Fichier PDF

Partage, hébergement, conversion et archivage facile de documents au format PDF

Partager un fichier Mes fichiers Convertir un fichier Boite à outils PDF Recherche PDF Aide Contact



evolutia literaturii de brand 2011 foarte tare.pdf


Aperçu du fichier PDF evolutia-literaturii-de-brand-2011-foarte-tare.pdf

Page 1 2 3 4 5 6 7 8 9 10 11 12 13

Aperçu texte


Kuwait Chapter of Arabian Journal of Business and Management Review Vol. 1, No.4; December 2011

2 Consumer-based brand equity
In recent brand equity literature, there are two prominent theoretical views that provide valuable insights
into the body of customer based brand equity (see Figure 1). Aaker (1991) defined four basic
dimensions of customer-based brand equity: perceived quality, brand awareness, brand associations,
and brand loyalty.
These dimensions are reviewed in more detail in the following parts of this article. Another prominent
theoretical conceptualization is Keller’s (1993) customer-based brand equity model. The basic premise
of Keller’s (1993). customer-based brand equity model is that “the power of a brand lies in what
customers have learned, felt, seen, and heard about the brand as a result of their experiences over
time” (Keller, 2003, p. 59). His model is an insightful way to represent how brand knowledge is the key
to creating brand equity. Keller (1993) viewed customer-based brand equity as “the differential effect of
brand knowledge on consumer response to the marketing of the brand”. He conceptualized the sources
of brand knowledge as brand awareness and brand image. In brief, the customer-based brand equity
dimensions of both Aaker’s (1991) and Keller’s (1993) models are strictly intersecting. What Keller
(1993) left out from Aaker’s framework in defining the customer-based brand equity is the brand loyalty
dimension.
Yoo et al. (2000) extend Aaker’s (1991) model by placing brand equity as a separate construct between
the dimensions of brand equity and the value for the customer and the firm. They also add price, store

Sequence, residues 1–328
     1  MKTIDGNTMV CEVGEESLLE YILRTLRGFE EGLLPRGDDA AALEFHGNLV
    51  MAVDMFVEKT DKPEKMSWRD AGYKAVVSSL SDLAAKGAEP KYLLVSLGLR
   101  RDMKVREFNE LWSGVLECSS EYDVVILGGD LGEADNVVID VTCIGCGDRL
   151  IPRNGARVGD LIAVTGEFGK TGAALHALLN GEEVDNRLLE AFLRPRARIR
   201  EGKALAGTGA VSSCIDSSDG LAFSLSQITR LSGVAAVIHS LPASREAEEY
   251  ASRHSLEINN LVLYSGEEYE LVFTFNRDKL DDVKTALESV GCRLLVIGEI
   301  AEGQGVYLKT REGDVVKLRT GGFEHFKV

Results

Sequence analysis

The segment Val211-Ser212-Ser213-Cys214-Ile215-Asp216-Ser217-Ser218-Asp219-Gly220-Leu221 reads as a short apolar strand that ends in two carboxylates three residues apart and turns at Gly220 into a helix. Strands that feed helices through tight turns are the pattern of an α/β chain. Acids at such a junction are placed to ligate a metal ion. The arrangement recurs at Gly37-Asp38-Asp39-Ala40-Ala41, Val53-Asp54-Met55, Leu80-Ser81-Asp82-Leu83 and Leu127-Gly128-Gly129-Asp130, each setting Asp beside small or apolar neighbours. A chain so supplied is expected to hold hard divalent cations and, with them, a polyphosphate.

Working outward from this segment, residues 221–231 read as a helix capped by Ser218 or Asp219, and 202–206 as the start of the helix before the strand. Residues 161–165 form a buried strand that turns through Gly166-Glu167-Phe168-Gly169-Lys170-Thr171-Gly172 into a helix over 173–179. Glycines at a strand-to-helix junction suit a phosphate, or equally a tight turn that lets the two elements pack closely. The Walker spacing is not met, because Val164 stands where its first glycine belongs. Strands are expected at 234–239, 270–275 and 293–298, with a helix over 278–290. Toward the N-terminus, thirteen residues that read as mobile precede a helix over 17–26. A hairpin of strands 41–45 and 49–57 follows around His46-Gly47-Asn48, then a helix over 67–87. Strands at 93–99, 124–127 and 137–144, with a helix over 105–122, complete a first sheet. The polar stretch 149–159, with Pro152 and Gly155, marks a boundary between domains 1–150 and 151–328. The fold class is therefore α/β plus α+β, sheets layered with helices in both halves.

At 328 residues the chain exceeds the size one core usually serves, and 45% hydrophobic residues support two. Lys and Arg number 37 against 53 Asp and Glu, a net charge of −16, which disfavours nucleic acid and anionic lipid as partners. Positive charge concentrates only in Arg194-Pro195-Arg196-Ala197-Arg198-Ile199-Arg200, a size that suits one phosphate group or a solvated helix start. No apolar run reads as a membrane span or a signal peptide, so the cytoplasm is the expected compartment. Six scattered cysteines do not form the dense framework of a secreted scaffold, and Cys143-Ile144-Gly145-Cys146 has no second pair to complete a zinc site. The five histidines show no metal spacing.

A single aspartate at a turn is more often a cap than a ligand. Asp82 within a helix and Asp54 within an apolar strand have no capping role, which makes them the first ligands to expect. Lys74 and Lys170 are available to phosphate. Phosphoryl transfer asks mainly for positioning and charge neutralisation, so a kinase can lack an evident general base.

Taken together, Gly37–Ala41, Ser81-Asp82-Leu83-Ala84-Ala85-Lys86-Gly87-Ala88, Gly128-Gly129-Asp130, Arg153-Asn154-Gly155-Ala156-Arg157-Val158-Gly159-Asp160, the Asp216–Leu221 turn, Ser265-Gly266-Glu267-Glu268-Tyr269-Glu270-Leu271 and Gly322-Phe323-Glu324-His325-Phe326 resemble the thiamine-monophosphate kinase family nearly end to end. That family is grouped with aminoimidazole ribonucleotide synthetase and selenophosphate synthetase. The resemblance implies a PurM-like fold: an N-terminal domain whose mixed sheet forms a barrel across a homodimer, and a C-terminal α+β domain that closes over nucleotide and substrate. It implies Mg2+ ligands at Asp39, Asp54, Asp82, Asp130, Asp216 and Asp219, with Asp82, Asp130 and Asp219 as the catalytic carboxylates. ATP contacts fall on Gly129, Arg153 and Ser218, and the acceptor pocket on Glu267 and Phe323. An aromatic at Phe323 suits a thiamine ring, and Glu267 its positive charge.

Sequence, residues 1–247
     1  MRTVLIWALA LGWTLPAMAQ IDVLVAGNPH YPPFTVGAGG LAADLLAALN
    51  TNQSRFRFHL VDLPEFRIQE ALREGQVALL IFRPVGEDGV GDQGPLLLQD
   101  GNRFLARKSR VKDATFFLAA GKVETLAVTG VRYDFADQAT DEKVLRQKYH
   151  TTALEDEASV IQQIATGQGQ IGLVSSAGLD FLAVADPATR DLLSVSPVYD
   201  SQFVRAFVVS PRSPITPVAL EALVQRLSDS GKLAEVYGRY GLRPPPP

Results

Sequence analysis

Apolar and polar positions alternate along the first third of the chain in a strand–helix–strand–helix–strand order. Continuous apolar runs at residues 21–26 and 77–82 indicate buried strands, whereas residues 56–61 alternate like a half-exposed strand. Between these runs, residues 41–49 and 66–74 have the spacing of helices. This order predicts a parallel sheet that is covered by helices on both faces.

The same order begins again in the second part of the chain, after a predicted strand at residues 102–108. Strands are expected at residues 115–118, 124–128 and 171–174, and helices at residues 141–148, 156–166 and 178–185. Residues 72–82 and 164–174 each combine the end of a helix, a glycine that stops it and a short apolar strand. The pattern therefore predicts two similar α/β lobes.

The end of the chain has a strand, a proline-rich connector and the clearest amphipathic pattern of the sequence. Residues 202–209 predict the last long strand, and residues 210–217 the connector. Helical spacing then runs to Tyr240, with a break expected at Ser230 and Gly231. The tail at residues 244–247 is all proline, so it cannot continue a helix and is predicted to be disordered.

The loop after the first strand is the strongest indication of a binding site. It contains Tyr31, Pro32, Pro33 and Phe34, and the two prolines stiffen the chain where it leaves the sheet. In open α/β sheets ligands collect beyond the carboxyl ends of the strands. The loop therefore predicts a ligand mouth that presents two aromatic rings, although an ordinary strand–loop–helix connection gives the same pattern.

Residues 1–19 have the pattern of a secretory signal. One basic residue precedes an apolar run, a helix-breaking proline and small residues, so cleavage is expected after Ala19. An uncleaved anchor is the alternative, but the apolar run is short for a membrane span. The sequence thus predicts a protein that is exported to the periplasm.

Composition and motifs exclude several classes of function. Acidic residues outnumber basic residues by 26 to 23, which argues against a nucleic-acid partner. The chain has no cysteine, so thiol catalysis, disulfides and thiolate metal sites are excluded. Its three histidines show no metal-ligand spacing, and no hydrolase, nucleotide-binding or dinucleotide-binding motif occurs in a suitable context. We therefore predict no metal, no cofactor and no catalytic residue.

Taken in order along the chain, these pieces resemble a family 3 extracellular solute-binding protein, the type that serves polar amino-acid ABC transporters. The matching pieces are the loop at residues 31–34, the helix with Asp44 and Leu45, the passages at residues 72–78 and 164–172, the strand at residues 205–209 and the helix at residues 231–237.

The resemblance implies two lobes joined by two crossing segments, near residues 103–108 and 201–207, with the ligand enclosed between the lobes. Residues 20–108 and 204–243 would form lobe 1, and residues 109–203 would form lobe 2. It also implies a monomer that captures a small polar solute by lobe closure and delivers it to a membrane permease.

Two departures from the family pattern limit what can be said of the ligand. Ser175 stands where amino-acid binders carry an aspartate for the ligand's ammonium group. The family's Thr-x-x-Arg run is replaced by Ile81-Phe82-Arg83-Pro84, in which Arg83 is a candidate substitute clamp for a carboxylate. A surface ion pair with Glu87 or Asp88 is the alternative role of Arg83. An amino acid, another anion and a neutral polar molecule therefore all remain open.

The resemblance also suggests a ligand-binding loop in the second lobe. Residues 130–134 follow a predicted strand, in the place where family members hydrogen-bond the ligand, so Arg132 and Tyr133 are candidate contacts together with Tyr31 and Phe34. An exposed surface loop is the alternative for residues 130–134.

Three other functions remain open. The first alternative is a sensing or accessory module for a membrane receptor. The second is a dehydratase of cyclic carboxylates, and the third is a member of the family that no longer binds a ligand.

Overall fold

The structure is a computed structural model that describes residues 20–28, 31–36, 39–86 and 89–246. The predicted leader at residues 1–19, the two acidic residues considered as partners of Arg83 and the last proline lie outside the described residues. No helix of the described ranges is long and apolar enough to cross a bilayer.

image, distribution intensity, advertising spending, and price deals as antecedents of brand equity with
their significant effects on the dimensions of brand equity.
Yoo and Donthu (2001) also developed and validated a cross-culturally invariant multidimensional
consumer-based brand equity scale containing these dimensions. To sum up, the most commonly cited
brand equity studies are briefly reviewed in Table 1.
Although all these valuable models define the fundamental pillars of brand equity, there is still want for
potential contributions with respect to the quantitative clarifications of the defined dimensions, their
measurement, and their adequacy for global brands.
Table1. Mostly cited “Brand Equity” studies
Author
Keller (1993)

Dimensions of Brand Equity
Brand awareness, brand image

Park and
Srinivasan
(1994)
Lane and
Jacobson
(1995)
CobbWalgren,
Ruble, and
Donthu
(1995)
Aaker
(1996)

Brand associations (Attribute-based and
non-attribute-based component of
brand equity)
Brand attitude, brand name familiarity

Yoo,
Donthu, and
Lee (2000

Brand loyalty, perceived quality, brand
awareness/associations

Berry (2000)

Brand awareness, brand meaning
(customer’s dominant perceptions)
Brand loyalty, perceived quality, brand
awareness/associations

Yoo and
Donthu
(2001)

Perceived quality, brand awareness,
brand associations, advertising
awareness

Brand loyalty, perceived quality, brand
awareness, brand associations

65

Related Findings
When the consumer is familiar with the brand and
holds some favorable, strong, and unique brand
associations in the memory, then customer-based
brand equity occurs.
The non-attribute-based component of brand equity
appears to play a more dominant role in determining
a brand’s equity.
The stock market participants’ responses to brand
extension announcements depend on brand attitude
and familiarity
The brand with greater advertising budget yielded
substantially higher levels of brand equity. In turn,
the brand with the higher equity generated
significantly greater preference and purchase
intentions.
Four dimensions of brand equity represent customer
perceptions of the brand and could be applied
across markets and products.
Brand equity is positively related to perceived
quality, brand loyalty, and brand associations. The
relationship of perceived quality and brand
associations to brand equity is much weaker than
the relationship of brand loyalty to brand equity.
Positive service brand equity emerges from the
synergy of brand awareness and brand meaning.
A multidimensional brand equity scale is validated
across Americans, Korean Americans and Koreans
samples